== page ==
Mike Colter for Evil
The Academy has never recognized the great, form-breaking work of Robert and Michelle King since they left CBS and started making The Good Fight and Evil. Maybe it’s because of the comparatively low profile of Paramount+. Maybe it’s because voters just don’t get it. Whatever the case, Evil remains one of the most fascinating dramas of its era, and star Mike Colter had his best season to date in its third outing. Colter subtly conveys David Acosta’s balance of temptation and faith — understanding how both his human needs and belief system play into every choice he makes. It’s an increasingly excellent performance, and an Emmy nod would help this show find the audience it deserves.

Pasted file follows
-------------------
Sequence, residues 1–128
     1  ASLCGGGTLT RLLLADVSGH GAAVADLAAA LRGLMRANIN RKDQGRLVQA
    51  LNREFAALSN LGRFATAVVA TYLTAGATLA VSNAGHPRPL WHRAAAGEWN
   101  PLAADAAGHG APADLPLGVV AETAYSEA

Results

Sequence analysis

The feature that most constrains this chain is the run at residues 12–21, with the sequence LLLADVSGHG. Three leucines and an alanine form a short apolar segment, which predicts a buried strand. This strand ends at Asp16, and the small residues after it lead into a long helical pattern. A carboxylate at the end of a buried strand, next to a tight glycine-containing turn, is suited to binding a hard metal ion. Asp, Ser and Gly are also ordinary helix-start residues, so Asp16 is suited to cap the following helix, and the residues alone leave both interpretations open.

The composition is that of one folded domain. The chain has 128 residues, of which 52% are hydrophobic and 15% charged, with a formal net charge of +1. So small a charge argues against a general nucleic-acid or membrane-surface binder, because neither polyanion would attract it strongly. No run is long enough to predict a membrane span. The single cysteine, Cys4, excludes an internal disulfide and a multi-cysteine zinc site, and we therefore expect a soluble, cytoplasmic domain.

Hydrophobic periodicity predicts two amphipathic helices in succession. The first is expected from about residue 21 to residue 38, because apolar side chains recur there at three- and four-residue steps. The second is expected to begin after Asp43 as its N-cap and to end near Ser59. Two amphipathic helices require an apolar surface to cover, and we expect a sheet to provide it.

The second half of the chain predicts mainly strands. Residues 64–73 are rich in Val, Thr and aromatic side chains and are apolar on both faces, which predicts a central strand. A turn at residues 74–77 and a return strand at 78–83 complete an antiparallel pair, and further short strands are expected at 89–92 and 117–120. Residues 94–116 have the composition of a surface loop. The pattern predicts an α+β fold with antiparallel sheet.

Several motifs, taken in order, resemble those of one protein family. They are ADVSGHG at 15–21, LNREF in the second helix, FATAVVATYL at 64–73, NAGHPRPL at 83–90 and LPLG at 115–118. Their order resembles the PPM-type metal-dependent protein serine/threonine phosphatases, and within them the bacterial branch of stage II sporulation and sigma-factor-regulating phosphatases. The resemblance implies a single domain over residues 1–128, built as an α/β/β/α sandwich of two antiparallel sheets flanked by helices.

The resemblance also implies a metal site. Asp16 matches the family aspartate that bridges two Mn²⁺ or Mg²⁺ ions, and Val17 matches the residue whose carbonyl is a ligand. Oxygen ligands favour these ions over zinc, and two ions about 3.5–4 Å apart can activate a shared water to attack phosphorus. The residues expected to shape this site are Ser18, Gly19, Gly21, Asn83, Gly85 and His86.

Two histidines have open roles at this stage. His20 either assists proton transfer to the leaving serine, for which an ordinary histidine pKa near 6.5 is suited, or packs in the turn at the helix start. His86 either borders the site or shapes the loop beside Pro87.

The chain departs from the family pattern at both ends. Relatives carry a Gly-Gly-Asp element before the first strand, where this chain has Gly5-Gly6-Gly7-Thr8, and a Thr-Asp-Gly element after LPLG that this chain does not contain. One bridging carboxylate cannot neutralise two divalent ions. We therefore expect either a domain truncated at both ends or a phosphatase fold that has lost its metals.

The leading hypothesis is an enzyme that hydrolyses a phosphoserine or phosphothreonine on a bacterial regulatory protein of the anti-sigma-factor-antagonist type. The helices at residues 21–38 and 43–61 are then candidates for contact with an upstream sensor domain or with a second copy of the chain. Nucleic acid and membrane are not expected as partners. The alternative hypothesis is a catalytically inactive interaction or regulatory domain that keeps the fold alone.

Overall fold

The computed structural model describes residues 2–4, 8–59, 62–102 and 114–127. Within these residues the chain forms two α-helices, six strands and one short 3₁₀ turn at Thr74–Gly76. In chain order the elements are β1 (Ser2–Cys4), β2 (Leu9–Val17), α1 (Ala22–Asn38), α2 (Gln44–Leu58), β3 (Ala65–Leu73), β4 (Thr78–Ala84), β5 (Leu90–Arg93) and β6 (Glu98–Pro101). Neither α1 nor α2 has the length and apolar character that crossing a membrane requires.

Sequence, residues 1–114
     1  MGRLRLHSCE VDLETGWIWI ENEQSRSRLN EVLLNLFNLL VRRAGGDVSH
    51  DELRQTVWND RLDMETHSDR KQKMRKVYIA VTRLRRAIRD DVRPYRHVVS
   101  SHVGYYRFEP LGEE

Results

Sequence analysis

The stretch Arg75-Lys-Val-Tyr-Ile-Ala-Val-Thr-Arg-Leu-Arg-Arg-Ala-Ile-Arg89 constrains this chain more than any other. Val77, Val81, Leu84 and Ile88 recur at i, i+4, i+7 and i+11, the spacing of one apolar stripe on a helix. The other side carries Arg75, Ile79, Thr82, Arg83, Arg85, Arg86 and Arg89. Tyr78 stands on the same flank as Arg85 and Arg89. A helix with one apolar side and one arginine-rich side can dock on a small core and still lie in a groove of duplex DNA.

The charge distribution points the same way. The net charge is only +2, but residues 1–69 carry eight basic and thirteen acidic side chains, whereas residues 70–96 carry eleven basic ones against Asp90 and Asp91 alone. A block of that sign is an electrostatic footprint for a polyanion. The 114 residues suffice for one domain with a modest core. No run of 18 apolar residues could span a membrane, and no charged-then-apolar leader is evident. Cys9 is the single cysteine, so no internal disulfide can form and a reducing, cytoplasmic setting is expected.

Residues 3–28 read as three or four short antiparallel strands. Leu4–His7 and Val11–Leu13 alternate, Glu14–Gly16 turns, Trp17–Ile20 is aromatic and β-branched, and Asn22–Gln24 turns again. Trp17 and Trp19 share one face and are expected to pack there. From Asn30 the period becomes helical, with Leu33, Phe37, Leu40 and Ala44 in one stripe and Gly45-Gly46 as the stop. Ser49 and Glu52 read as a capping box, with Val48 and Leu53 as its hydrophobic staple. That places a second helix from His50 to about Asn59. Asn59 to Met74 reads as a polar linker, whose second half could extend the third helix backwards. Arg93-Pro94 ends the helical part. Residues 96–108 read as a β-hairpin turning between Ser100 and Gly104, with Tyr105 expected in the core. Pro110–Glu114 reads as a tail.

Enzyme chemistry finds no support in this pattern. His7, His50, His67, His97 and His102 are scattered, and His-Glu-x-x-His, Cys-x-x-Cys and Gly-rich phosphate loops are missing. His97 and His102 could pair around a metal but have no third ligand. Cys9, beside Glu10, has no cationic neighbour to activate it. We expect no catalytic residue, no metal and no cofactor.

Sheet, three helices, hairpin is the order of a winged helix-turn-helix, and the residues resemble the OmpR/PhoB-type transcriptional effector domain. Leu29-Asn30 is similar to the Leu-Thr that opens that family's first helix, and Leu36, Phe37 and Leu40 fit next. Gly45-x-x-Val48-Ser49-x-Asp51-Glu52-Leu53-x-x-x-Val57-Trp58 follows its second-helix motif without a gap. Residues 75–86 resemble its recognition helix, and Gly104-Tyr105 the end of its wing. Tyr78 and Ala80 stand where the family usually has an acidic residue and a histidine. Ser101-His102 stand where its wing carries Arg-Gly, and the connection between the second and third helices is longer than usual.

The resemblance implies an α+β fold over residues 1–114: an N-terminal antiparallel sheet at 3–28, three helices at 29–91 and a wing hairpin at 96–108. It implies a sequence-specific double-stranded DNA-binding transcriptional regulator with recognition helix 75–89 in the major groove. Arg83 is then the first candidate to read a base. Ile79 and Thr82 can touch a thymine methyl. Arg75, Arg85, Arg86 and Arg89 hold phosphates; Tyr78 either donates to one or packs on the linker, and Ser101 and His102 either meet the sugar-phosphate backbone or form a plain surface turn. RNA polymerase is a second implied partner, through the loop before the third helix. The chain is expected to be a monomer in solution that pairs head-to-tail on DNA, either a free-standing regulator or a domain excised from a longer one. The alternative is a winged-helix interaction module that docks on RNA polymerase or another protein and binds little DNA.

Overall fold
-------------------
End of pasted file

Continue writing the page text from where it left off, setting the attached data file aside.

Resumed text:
Bridget Everett for Somebody Somewhere
There’s something so challenging about playing “normal” in the era of high-concept TV; an average midlife crisis is often treated as a sitcomish source of derision or part of an anti-hero’s growth. What’s so captivating about HBO’s Somebody Somewhere is how easy it is to see yourself in its characters, people reaching for happiness and dealing with grief. The writing is strong, but nothing about this show works without the grounded, sensitive central performance by Bridget Everett, who doesn’t overplay the truth of her character but finds it nonetheless.
Dominique Fishback for Swarm